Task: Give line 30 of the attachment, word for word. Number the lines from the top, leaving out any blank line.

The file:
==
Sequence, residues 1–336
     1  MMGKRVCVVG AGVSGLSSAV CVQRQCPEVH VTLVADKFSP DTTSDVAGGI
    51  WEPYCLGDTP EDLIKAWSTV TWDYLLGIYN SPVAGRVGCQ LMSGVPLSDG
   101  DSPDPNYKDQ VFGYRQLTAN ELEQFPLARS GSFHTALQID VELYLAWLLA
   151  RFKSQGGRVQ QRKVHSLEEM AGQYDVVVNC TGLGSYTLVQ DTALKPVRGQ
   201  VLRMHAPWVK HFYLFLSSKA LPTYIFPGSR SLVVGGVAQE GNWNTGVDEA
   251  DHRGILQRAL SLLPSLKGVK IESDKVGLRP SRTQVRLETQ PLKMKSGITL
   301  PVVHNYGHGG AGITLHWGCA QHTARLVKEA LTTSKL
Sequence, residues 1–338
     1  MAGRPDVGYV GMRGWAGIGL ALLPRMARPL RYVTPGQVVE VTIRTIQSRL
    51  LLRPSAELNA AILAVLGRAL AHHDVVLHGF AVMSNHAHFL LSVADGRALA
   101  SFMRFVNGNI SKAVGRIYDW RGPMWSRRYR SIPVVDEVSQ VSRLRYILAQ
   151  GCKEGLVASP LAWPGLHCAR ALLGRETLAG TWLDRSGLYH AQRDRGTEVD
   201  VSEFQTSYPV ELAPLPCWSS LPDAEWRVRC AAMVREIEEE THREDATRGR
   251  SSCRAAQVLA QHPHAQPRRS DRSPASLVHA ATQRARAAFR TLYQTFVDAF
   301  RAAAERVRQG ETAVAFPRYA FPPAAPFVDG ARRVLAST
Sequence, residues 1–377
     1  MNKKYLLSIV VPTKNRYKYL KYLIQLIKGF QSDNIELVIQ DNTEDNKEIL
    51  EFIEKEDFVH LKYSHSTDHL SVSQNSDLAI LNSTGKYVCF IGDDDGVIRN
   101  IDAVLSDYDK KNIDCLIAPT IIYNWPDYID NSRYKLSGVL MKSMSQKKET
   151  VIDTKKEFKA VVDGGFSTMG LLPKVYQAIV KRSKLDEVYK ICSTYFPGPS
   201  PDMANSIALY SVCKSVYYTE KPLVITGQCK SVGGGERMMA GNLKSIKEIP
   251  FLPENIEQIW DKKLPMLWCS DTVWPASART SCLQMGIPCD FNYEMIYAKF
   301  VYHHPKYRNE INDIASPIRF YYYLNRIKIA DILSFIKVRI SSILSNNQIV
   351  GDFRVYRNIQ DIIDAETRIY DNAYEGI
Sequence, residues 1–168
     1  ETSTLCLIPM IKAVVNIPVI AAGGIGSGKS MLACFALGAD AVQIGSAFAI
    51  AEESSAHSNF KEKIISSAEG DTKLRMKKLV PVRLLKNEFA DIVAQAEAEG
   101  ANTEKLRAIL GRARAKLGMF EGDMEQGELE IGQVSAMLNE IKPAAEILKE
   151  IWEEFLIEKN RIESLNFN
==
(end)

   151  IWEEFLIEKN RIESLNFN